76ers general manager Elton Brand:

We thought it was the regular bumps and bruises.

There’s nothing that we saw medically that didn’t allow him to play.

This yet another odd turn in a saga that already included plenty of contentiousness, animosity, rumors and cringe-worthy moments. At this point, it’s hard to be shocked by anything with Fultz.

It’s also hard to take the 76ers seriously when they suggest it seemed like business as usual. Fultz’s shot is disturbingly broken. There is clearly a problem. Maybe letting Fultz play without fretting over the issue was the right course, but how surprised can Philadelphia be that he took a more drastic measure?

Hopefully, the specialist helps Fultz identify and fix this issue.

Bulls’ Denzel Valentine likely to miss entire season

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Bulls wing Denzel Valentine has had a rough go of it.

A lottery pick two years ago, battled ankle injuries during his rookie year and underwent ankle surgery after the season. He stayed mostly healthy last year, but his season still ended early for knee surgery. Then, over the summer, he got torched in the Drew League by Frank “Nitty” Session, who questioned how Valentine was in the NBA:

And now…

Mark Strotman of NBC Sports Chicago:

Denzel Valentine was originally expected to miss one to two weeks after suffering a sprained ankle on the second day of training camp. One setback led to another, and on Monday the Bulls announced that the third year guard will undergo surgical reconstruction on that left ankle. He’ll miss four to six months, the team announced, effectively ending his season.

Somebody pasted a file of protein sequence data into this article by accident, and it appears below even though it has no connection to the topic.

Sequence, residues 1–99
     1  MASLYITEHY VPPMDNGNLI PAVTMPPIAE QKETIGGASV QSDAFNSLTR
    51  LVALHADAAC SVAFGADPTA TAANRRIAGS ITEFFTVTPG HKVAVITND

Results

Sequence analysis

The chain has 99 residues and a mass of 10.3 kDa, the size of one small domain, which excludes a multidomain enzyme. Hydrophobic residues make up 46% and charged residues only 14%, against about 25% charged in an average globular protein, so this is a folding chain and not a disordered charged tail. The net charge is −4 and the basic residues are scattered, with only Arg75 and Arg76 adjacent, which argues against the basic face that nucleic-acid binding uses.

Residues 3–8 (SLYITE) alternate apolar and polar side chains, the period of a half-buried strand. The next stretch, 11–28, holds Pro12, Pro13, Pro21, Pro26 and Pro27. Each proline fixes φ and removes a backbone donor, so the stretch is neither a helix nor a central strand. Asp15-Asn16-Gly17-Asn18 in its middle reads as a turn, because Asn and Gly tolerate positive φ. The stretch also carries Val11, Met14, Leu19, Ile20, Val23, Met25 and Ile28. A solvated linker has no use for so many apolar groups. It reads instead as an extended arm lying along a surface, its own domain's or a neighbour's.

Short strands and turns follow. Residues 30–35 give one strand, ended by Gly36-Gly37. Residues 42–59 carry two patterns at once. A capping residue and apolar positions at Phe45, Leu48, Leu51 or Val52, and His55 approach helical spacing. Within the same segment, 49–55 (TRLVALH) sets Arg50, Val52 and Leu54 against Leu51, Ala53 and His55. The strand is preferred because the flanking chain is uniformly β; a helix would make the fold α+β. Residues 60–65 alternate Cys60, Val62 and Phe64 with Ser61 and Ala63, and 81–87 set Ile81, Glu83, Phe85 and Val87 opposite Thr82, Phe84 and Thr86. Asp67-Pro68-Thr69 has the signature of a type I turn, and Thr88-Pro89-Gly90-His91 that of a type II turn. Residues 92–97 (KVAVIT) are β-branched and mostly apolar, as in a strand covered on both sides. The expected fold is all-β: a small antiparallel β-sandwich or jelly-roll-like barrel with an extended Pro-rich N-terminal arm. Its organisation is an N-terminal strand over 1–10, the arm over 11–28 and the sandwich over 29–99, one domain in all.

The long end of that timeline will keep Valentine sidelined the entire season. The short end would allow him to return late in the year, but with Chicago so dismal, there’s little incentive to rush him back.

Valentine is under contract next season, the final year of his rookie-scale deal. He might need to prove himself to make Nitty’s question still relevant.

Report: J.R. Smith and Cavaliers separating as they seek trade

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DETROIT – Yesterday – yesterday! – J.R. Smith explained why he didn’t leave the Cavaliers when, a few weeks ago, they pulled him from the rotation and gave him the offer to step away.

“I can’t do that to the city and the fans,” Smith said. “A lot of people have been backing me since I’ve been here. I feel like it’s been a new start since I came here. The way the fans embraced me, the way that I’ve embraced the city, my teammates, I can’t do that to them.”

But Smith also said Cleveland is tanking and reaffirmed his desire to be traded. That probably set wheels in motion.

Joe Vardon of The Athletic:

Smith – who’s guaranteed $18.59 million on a contract that will surely end after this season – carries negative trade value. The Cavs shouldn’t attach the sweetener necessary to dump him. They’re better off just paying him for now.

Because just $3.87 million of his $15.68 million salary for next season is guaranteed, Smith’s contract could prove useful in a trade.

If Smith would reduce his guarantee with a buyout, let him go. But Smith probably shouldn’t do that without a new job lined up.

So, the stalemate continues.

If everyone is happier apart, all the better. Smith wasn’t making a difference on the court for a team he correctly identified as tanking.